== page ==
Picks and Pans Review: The Evolution of Jane
by Cathleen Schine
Book of the week
"Have you ever lost a friend?" begins Cathleen Schine's fifth novel. "It is the saddest and most baffling experience. Jane Barlow Schwartz, 25, has anguished for ages over the loss of her first best friend (and cousin), Martha, who dropped her without explanation years earlier. "Even though I had made many friends in the interim," Jane laments, "I could somehow not let go of that first real friendship."
Schine (The Love Letter) provides an apt locale for Jane's explorations of loss and change: the Galápagos Islands, where scientist Charles Darwin developed the theory of evolution in the 19th century. No sooner does she arrive, on a natural history tour, than she discovers that her guide is Martha—the same person who "had thrown me over, dumped, ditched, cut, cold shouldered, discarded, shelved, jettisoned and retired me."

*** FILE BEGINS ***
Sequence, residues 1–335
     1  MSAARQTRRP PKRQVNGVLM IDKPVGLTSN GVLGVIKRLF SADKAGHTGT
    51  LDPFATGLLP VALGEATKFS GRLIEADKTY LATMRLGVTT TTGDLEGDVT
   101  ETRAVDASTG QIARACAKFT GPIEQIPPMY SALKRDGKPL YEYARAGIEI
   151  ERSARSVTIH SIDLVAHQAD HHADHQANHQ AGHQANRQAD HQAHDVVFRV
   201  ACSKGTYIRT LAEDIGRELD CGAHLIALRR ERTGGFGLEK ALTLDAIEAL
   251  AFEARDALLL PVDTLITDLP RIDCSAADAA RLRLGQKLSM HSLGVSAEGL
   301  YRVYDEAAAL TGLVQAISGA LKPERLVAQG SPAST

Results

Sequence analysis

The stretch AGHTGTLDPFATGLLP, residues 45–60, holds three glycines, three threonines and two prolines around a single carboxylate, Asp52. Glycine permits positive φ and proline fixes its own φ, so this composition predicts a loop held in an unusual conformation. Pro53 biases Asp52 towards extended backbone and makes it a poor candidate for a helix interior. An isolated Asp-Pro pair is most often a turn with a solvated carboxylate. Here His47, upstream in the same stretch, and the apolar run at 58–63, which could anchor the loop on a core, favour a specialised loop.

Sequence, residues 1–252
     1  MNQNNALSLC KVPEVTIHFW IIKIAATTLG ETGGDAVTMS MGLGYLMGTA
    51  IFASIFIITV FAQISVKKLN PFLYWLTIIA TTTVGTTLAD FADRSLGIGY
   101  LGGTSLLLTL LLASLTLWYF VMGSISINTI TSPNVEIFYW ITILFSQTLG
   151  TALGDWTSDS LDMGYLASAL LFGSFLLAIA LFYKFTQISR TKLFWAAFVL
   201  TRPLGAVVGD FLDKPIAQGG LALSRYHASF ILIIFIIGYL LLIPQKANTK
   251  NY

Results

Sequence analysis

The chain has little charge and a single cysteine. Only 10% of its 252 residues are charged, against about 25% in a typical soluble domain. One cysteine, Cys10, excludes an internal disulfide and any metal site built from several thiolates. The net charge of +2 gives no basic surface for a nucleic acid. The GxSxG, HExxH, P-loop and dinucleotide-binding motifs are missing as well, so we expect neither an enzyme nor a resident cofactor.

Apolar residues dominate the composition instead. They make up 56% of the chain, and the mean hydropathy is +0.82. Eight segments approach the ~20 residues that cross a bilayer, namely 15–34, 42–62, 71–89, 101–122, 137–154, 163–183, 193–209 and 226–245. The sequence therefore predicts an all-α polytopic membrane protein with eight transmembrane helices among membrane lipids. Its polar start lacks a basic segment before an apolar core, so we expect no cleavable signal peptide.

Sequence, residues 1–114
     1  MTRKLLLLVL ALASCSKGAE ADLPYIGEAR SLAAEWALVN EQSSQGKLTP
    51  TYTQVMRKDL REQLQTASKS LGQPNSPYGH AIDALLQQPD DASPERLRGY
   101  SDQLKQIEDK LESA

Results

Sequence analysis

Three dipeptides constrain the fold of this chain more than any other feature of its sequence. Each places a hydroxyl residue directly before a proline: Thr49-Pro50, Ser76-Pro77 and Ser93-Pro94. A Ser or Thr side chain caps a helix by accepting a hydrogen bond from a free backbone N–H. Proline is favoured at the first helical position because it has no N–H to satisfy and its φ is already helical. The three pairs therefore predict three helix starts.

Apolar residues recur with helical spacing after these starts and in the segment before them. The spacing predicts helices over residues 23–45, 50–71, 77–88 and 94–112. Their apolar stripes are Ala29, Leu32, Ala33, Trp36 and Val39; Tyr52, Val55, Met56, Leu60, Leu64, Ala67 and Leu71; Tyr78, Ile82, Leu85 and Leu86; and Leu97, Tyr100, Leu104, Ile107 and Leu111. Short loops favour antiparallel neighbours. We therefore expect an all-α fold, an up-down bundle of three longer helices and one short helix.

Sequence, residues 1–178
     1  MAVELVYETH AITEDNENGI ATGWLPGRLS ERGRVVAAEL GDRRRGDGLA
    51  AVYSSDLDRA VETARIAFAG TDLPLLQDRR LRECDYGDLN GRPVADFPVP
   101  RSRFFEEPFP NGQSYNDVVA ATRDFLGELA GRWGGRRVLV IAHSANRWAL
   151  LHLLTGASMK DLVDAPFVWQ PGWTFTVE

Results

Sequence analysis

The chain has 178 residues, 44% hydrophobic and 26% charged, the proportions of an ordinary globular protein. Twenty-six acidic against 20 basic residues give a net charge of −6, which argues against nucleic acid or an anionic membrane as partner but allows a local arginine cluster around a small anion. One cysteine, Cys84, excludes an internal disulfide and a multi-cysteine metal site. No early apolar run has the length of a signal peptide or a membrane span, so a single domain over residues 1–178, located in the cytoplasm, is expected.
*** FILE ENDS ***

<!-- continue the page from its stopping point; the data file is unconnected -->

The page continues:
Evolution develops into both a humorous meditation on friendship and a clever send-up of the hyper-educated class. And while Jane's obsessions lack the laugh-out-loud pleasures of Schine's acclaimed Rameau's Niece, this effort bears all the other hallmarks of her distinctive style: idiosyncratic characters; memorably wry and intelligent observations; brisk, witty writing.
At times, Schine's attempts to wed the mysteries of friendship to Darwinian theory seem strained. And not everyone will share her fascination with Galápagos life and lore. Still, readers in search of playfully sophisticated yet thoroughly accessible storytelling will find themselves diverted by Jane's outer and inner journeys. (Houghton Mifflin, $24)
Bottom Line: Classy, intelligent fun
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